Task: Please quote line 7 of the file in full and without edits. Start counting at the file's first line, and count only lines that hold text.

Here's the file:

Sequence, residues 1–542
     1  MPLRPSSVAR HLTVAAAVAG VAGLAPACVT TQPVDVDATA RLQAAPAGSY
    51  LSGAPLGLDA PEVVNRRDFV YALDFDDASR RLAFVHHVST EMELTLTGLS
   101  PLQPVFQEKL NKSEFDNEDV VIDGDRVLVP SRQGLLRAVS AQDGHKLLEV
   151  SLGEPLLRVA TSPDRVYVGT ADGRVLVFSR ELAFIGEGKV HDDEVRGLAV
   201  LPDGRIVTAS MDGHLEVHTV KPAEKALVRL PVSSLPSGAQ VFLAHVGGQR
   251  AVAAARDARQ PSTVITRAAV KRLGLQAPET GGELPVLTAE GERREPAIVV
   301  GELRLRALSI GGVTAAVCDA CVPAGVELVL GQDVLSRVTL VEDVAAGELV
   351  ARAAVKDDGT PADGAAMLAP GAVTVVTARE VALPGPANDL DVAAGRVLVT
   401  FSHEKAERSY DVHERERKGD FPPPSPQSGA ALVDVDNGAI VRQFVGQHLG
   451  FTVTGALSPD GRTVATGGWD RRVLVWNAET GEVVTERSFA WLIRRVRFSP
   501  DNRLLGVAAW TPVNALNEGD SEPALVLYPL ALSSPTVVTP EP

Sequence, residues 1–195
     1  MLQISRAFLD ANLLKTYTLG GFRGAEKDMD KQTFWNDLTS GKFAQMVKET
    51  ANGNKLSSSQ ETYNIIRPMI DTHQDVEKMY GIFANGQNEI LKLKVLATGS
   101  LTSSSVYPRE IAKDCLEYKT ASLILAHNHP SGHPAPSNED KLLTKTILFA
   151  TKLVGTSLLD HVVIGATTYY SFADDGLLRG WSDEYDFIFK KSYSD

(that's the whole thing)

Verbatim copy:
   251  AVAAARDARQ PSTVITRAAV KRLGLQAPET GGELPVLTAE GERREPAIVV